Need to sell your home in a hurry? By using these easy and inexpensive tips, Trulia.com says you can expect an offer in no time.

Get a storage unit

Anyone who tours your home is going to check out the storage spaces, which means that disorganized, overstuffed closets only serve as evidence that your home is lacking in that department. Opt instead for a storage unit to house the things you won’t need while your home is on the market. The general rule? Get rid of a third of your stuff. If you don’t use it every day, store it. This includes holiday decorations, baby gear, seasonal clothes and the bread maker you’ve never used. Bonus: If you choose a portable unit, it can be transported to your new home, making moving day a cinch.

Hire a professional to stage and photograph your home

A professional home stager sees your home from a buyer’s perspective—a good one understands how to highlight its strengths and soften its flaws. Your buyer’s first impression will be the listing photos, and studies show that homes with more than six listing photos online are twice as likely to be viewed by buyers. But not everyone wants their home staged (or has the money for it). Another option: Have a friend stand at the curb and walk through the house with fresh eyes to offer their perspective on decluttering, and then the agent can go through from a marketing standpoint.

Find the right real estate agent

Don’t hire a real estate agent just because they’re also a die-hard fan of your college football team or they’re from your hometown. What really matters? A track record of sales that proves they know how to sell your house fast. Are they familiar with the benefits (and negatives) of your neighborhood? Can they walk into your home and tell you precisely what buyers will love and hate? One way to be sure is to check the online client reviews and feedback on all of the agents you’re considering. You also should make sure your agent promotes their properties online. Make sure they hire a professional to take photos and includes a variety of photos on their site and social media.

Remove personalized items

Removing personal photographs or memorabilia will allow the prospective buyer to imagine themselves living in your house and make it easier to focus on the home’s highlighted features. In the same respect, don’t distract from the house itself with art, which could be unappealing to a buyer.

Make small upgrades

Don’t go overboard on major remodels. Chances are, you won’t get your money back. Instead, focus on small upgrades, particularly in the kitchen and bathroom, where you’re most likely to see a return on investment. A new sink and cabinet hardware in the kitchen, or light fixtures, shower curtains and hand towels in the bathroom, are inexpensive but can instantly transform your space. Rather than splurging $30,000 on a full kitchen remodel, get rid of your unmatched old appliances and spend $3,500 on a new stainless-steel appliance suite. Small upgrades can have a big impact.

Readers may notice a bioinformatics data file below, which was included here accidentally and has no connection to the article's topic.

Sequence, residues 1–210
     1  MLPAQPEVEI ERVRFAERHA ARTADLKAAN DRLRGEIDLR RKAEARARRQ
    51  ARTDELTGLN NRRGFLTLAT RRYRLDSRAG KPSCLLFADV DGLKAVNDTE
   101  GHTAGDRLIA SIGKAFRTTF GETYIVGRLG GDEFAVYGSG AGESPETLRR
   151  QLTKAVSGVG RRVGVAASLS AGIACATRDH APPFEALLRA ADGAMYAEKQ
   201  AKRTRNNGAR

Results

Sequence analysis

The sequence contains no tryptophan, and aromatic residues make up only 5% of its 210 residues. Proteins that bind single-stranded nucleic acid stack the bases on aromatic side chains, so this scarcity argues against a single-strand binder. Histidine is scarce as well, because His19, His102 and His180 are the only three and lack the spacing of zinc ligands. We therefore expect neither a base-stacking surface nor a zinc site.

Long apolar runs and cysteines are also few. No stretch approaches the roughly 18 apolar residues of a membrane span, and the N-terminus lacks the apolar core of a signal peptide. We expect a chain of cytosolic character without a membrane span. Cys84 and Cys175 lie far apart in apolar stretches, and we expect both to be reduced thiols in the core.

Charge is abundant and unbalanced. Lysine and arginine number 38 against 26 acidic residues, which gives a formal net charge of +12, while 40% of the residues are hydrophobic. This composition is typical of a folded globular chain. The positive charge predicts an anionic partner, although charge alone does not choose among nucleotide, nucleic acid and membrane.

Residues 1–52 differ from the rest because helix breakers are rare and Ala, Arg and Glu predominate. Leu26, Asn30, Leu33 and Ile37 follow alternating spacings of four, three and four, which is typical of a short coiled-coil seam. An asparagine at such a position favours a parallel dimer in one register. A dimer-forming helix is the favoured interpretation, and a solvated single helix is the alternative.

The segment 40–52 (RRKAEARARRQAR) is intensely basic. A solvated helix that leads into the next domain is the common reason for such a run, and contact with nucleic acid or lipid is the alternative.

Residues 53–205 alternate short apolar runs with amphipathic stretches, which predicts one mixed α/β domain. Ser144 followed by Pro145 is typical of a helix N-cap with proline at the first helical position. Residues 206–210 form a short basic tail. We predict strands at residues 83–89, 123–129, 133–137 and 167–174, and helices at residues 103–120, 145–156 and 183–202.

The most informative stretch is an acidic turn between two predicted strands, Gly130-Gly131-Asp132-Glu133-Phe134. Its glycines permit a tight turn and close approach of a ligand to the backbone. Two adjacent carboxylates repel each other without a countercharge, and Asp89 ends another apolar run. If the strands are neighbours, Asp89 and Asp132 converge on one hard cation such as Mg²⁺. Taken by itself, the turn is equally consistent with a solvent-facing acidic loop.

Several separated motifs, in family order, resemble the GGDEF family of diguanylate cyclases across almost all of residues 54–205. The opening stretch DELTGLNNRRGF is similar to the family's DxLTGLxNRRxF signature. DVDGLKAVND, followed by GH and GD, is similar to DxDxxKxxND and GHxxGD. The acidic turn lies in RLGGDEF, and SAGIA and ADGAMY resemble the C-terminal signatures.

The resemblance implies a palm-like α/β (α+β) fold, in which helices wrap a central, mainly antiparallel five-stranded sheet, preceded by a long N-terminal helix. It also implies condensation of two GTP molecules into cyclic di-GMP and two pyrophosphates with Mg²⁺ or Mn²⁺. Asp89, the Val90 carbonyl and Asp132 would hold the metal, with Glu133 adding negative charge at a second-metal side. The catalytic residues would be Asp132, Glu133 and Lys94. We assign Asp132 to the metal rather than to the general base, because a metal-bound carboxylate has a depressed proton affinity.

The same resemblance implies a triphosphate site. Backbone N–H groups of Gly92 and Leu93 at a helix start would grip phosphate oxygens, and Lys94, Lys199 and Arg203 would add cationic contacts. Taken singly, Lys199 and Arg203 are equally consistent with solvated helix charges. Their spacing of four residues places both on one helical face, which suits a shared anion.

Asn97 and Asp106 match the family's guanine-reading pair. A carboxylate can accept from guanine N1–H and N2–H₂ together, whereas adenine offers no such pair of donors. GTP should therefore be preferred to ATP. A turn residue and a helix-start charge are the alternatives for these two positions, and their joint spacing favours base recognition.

Light it up

A dark or poorly lit home feels damp and depressing. Brighten it up by using natural and artificial light. Get the highest wattage light bulb for that light fixture, and it will instantly brighten up the room, and when you leave for showings, turn on the lights and open curtains and blinds. A fresh coat of paint also can brighten a room. A deep cleaning also will help brighten baseboards, windows, and light fixtures.

Amp up the curb appeal

Your home’s exterior is typically the first thing a buyer sees in person and on listing sites. If it doesn’t look good, a buyer won’t even consider looking at the interior shots. Tidy up your yard by trimming and shaping hedges, refreshing mulch and edging the lawn. Consider pressure-washing your house, walkways and driveway, or even adding a fresh coat of paint to your trim and shutters. Everything matters—even things as small as the brass on your front door. Polish the kick-plate and doorknob, and clean any cobwebs or bird droppings off your front porch. Flowers, particularly near the entryway, add a hint of color, making your home feel alive and inviting.

Sell at the right time

Spring and summer are typically known as the best time to sell your home. If you can wait until then to list, you should consider it. But be forewarned that increased inventory means spring and summer buyers can afford to be pickier—so make sure your home is in tip-top shape. You also need to price your house just right. Just because you want to sell for a certain amount doesn’t mean your home is worth your magic number. Do your own research about area comps, get listing price suggestions from a couple of agents and then listen to your agent when it comes to negotiating.

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